May 16, 2015
What is a convertible note? I recently had a UK startup ask me this question. While I was surprised, it didn’t take me long to figure out that the financing instrument is not so popular in the UK. The government SEIS and the EIS tax relief schemes started to spur investment from business angels for startups in the region of up to £150K (SEIS) and up to £1M (EIS) prefer pure equity.
To simplify it, a convertible note is a short term loan that is paid back with equity in the future.
This article is a repost of my LinkedIn Pulse post.
Relatively easy to administer with minimal legal costs, the idea around it is to solve three issues: Provide immediate source of cash, postpone valuation until business fundamentals are better established, and mobilize/incentivize early supporters for the business.
While those benefits are clearly recognized in Silicon Valley and largely in the US, it’s largely developmental on this side of the Atlantic.
Priced equity is much more preferred on this side of the pond. Much of that has to do with unsophisticated business angels who don’t understand the instrument and its benefits. Convertible notes are seen as quite ‘leading’. One investor, who typically invests £50,000 per ticket on a priced basis (not named for confidential reasons), said to me: “you mean, I’ll get my equity in 1 year, what if the startup dies by then?”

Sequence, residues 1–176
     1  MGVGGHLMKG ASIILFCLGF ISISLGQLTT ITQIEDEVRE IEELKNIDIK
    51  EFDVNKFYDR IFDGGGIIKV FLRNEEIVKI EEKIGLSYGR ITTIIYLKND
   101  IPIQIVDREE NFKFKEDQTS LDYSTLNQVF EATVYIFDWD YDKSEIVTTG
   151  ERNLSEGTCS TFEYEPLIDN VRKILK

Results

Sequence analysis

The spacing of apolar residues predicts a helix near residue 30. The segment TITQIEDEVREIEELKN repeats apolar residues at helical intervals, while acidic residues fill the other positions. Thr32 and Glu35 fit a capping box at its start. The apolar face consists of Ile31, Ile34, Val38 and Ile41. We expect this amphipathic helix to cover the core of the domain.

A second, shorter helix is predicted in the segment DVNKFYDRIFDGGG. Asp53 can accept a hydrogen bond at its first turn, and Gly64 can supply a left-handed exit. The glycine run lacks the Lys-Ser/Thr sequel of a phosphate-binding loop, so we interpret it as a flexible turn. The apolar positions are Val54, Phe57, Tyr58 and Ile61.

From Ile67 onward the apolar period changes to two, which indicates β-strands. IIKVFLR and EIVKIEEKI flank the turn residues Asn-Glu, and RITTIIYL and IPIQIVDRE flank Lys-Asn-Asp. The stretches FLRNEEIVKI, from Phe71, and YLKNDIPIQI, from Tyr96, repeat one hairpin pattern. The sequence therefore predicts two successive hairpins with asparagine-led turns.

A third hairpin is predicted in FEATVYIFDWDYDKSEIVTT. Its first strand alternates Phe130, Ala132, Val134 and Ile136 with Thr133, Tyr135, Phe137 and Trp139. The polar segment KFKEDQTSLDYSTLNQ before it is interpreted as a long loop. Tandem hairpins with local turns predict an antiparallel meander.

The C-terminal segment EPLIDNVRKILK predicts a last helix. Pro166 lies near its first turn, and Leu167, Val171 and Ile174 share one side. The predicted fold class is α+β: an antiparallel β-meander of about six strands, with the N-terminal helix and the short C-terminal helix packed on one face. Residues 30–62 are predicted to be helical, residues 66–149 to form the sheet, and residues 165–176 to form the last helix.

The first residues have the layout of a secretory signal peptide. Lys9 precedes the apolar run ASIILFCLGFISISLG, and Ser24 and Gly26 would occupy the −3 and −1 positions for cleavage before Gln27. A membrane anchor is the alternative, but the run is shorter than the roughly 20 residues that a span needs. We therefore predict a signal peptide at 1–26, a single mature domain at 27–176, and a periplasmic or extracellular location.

Another investor had this to say, “I am loaning the company money; I am not a shareholder and might never be and as such I can’t exert control.”
For a number of investors, the notion that startups will raise the qualifying round (usually north of $1M or a Series A) in the given timeframe (maturity) is challenged.
On the flip side of the conversation, even the most sophisticated entrepreneur struggles with the instrument and the myriad provisions. Do I offer it with a cap plus discount? No cap and higher discount? Why the interest rate if it’s essentially post dated equity? Exit provision in the event of an acquisition? And what about that Y Combinator SAFE founder friendly alternative (no interest, no maturity). Obviously these provisions are addressed based on the risk profile of the investor. But what if the education process is starting from zero?
Convertible notes are popular among accelerators in the US and they, in effect, helped to educate both entrepreneur and investors about its benefit. This Fenwick Seed Survey reflected back in 2011 the increasing trend to fund deals worth up to $1M on notes. That threshold number is now much larger. Perhaps much of this is easy since in effect, investors must be ‘accredited’, it complements existing government initiatives, and the profile of US investors is much more risk loving.
Image Credit: Images Money
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